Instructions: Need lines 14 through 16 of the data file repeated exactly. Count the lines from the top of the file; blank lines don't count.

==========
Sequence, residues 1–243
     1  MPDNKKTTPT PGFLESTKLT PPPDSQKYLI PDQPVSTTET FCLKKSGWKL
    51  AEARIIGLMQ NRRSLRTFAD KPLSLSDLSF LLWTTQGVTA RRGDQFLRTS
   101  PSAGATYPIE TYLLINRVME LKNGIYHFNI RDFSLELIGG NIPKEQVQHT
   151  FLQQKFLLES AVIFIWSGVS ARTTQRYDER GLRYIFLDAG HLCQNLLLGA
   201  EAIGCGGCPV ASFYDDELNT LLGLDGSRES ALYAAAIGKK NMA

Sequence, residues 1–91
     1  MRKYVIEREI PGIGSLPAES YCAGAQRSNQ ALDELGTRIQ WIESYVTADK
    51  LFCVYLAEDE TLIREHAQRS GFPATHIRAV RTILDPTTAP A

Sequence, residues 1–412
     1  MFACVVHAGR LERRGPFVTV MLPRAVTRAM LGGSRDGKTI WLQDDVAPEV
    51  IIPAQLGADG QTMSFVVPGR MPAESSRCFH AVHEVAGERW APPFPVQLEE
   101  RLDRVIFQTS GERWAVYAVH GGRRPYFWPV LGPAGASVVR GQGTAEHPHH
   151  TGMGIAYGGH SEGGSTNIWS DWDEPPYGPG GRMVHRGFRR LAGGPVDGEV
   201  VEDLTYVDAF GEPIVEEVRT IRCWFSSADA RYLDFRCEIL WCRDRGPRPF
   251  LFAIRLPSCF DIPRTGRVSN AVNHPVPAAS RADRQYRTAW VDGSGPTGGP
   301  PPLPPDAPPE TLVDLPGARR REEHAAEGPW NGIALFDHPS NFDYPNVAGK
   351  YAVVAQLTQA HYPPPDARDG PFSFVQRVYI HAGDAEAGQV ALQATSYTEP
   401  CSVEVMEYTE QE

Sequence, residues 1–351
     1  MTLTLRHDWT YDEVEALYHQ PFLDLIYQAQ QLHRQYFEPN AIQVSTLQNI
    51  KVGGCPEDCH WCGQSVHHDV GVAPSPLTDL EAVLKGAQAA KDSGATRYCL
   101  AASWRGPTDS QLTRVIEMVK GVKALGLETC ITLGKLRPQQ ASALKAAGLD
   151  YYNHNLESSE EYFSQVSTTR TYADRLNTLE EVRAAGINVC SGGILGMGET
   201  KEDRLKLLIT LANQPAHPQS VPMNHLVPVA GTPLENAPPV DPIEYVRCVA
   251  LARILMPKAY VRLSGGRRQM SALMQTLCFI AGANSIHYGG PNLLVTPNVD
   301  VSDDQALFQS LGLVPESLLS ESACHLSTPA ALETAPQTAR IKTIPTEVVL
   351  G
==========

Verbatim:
   151  TGMGIAYGGH SEGGSTNIWS DWDEPPYGPG GRMVHRGFRR LAGGPVDGEV
   201  VEDLTYVDAF GEPIVEEVRT IRCWFSSADA RYLDFRCEIL WCRDRGPRPF
   251  LFAIRLPSCF DIPRTGRVSN AVNHPVPAAS RADRQYRTAW VDGSGPTGGP